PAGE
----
current key performance indicators, which would enable Ofsted
to withdraw from detailed management of outsourced inspections
once the delivery threshold had been reached by each ISP. A fully-contracted
model would produce savings by eliminating duplication of activities
as described above. It would enable clear delineation between
the roles of HMI and ISP inspectors, with a small, expert HMI
team ensuring performance of the contract. With ISP inspectors
leading more inspections, less time spent in direct inspection
delivery by HMI would enable them to focus on key national roles
including operating as a source of up-to-date professional expertise
drawing on knowledge of practice and cutting-edge, international
research (eg in relation to changes in the curriculum); analysis
and interpretation of national data; and evaluation of policy
initiatives (including value for money) through targeted, specialist
18. Finally, there is no external evidence that
we are aware of to support assertions either of inconsistencies
between teams or the three ISPs or between HMI and AI led teams.
Complaints are running at very low levels and none, so far as
we know, have raised either of these concerns
The weight given to different factors within the
19. ISPs support fully the policy to focus future
inspections on the quality of teaching and learning; the effectiveness
of the leadership team; pupils' behaviour and safety and pupils'
achievement. This precision will enable investment of more inspector
time in driving school improvement. For example, the narrower
focus will permit sharper diagnosis (eg more time for lesson observation
to uncover weaknesses in teaching and its effect on learners)
and more extensive opportunities for dialogue with school leaders
and governors (eg to identify barriers to improvement). Additionally,
we would suggest that for all schools currently graded satisfactory
the inspection team should, through dialogue with the school,
form a view on the efficacy of the support and challenge provided
by the local authority and its SIPs. Some schools that have been
Grade 3 for years have also for years been in receipt of additional
support from their local authority without significant discernible
improvement in the quality of the education provision.
20. The current emphasis on exploring the SEF
view can be replaced by genuine pursuit of key evidence of strengths
and weaknesses, within the context of the school's self evaluation
processes and outcomes.
21. Appropriate data, used effectively, can already
enable inspectors to focus on the right lines of enquiry and use
their time effectively. However, there is scope for greater trust
in the professionalism and experience of inspectors. This would
give them the flexibility to redirect their activities once an
inspection was under way, enabling them to tailor their work to
the emerging evidence and achieve greater impact while managing
risk. It would allow - for instance - inspectors to respond directly
to issues raised by employers, parents, pupils or teachers.
22. A further area for re-establishing inspectors'
professional judgement relates to the "limiting judgements"
in the current schools framework. Where this occurs, one judgement
limits another. Given the widely differing circumstances within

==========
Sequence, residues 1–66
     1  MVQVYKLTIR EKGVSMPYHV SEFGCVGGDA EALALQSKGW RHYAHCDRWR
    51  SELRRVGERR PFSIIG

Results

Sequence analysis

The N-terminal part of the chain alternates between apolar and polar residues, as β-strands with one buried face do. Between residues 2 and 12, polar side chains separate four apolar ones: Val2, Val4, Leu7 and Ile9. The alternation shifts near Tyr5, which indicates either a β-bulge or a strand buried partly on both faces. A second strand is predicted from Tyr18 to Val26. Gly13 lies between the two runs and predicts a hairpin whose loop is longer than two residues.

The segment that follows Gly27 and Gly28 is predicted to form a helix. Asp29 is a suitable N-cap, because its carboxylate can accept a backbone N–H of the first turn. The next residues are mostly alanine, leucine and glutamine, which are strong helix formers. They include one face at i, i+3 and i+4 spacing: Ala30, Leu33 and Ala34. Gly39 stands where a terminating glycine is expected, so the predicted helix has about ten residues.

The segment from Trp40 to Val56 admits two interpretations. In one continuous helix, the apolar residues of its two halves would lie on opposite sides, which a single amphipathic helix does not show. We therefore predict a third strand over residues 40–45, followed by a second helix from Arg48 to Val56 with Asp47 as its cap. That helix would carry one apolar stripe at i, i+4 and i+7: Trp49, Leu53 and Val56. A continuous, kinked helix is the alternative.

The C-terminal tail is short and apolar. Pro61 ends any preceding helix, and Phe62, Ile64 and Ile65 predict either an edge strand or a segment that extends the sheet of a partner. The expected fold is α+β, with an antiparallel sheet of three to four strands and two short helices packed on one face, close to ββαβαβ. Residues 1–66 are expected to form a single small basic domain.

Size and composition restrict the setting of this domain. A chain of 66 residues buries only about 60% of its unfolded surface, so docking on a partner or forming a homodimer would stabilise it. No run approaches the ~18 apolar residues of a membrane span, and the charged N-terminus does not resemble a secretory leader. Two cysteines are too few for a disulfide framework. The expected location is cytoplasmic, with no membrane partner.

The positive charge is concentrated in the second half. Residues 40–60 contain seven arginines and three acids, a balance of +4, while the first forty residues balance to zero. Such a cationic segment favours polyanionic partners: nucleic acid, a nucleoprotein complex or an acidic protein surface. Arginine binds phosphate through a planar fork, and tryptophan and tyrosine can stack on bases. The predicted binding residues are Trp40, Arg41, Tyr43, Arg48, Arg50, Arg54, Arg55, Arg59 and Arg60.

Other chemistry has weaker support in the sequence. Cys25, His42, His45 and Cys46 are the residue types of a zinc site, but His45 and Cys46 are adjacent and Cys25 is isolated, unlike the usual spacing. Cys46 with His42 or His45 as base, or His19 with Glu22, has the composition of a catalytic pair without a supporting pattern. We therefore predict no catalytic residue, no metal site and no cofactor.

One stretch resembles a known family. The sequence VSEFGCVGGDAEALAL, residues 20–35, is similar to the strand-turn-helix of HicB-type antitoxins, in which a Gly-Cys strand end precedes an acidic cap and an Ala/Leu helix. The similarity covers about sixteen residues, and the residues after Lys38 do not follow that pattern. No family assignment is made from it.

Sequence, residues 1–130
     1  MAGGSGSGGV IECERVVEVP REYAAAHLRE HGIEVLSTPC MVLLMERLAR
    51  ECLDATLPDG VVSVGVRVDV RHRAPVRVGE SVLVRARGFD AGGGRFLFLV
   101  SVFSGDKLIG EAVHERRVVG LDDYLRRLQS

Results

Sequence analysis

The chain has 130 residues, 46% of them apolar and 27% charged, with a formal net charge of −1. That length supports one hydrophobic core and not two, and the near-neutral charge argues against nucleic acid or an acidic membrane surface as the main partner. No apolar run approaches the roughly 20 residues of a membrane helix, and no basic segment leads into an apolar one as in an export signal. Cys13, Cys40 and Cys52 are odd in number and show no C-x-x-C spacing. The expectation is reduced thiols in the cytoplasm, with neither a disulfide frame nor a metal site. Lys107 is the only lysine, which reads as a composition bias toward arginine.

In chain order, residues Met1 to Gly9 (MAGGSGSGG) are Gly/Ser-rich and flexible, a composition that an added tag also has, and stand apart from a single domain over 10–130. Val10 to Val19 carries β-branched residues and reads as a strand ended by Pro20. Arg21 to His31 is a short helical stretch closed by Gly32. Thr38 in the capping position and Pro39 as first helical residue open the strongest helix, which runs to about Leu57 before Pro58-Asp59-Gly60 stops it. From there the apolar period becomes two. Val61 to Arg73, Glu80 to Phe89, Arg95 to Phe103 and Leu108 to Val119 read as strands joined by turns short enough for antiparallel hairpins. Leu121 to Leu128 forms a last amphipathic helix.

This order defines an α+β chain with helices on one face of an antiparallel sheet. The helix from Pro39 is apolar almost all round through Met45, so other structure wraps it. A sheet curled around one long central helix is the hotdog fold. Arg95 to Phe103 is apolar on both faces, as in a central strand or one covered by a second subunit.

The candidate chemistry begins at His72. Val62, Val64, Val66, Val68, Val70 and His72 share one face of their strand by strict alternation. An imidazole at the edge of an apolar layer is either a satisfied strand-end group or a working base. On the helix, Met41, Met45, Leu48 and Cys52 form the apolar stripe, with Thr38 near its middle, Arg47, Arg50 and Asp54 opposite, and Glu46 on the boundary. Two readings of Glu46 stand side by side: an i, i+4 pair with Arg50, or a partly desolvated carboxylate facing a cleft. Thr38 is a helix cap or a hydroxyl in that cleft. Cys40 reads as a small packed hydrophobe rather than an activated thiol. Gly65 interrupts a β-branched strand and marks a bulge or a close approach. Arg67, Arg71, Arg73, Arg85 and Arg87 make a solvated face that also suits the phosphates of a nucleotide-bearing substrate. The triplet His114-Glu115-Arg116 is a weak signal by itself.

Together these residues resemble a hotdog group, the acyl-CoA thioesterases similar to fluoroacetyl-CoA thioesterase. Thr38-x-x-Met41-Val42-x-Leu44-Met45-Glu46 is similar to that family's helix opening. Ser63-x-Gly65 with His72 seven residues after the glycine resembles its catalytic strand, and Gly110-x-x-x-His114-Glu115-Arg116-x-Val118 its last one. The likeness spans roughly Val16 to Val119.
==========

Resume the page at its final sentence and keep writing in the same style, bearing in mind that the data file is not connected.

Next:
individual schools, rigid application of this principle becomes
problematic. In our view, inspectors should be free to make their
judgements based on the evidence before them.
Whether the organisation of all organisations,
settings and services to support children's learning and welfare
is best conducted by a single inspectorate
Ofsted's role in providing an accountability mechanism
for schools operating with greater autonomy
23. We recognise that data should not have primacy
over professional judgements. There are, however, rich data sources
available. ISPs have considerable experience of carrying out pre-inspection
risk assessments. Consequently, they are well-placed to work with
government to develop cost-effective, desk-based monitoring and
accountability processes for use in reviewing schools judged "outstanding".
24. We do not believe that schools rated as "outstanding"
or those operating with greater autonomy by way of their status
should be entirely exempted from the inspection regime. However
we agree that they should not normally be subject to full inspection,
allowing resources to be focused on lower performing schools.
Evidence tells us, however, that "outstanding" schools
can experience a rapid decline in both provision and standards
in certain circumstances. We thus support a model by which Ofsted
and its ISP partners risk assess outstanding schools on the basis
of an annual on-line return of information which should be routinely
held by them. We propose the following indicators:-
- Decline in overall standards, English and mathematics,
particularly literacy and numeracy, evidenced by pupil performance
data from RAISEonline.
- Decline in standards in specific subjects (secondary
schools) evidenced by pupil performance data from RAISEonline.
- Decline in overall standards relative to other
similar institutions evidenced by pupil performance data from
- Change in headteacher.
- Change in status or character.
- High staff turnover.
- Significant change in pupil numbers.
- Increased number of parental complaints.
- Concerns expressed by local authority.
- Decline in attendance.
Possible additional indicators
- Significant budget deficit at year end or evidence
of any financial irregularity.
- Significant increase in exclusions.
- Inadequate judgements in other provision inspected
by Ofsted and managed by the Governing Body.
Where the outcome of the assessment finds there is
evidence of significant risk to pupils' future achievement or
safety, we would propose a one day visit by a single inspector
to assess the need for further intervention by inspectors.
25. For those schools whose autonomy is vested
in their status, a similar regime might be applied with appropriate
metrics. An initial assessment of readiness is desirable,
as currently the case with "academy pre-registration visits".
Thereafter, as a minimum, an annual desk based risk assessment,
triggering more in depth inspection if appropriate, would serve
the public interest.
31 Ehren and Visscher: 2006: Towards a Theory on
the Impact of School Inspections.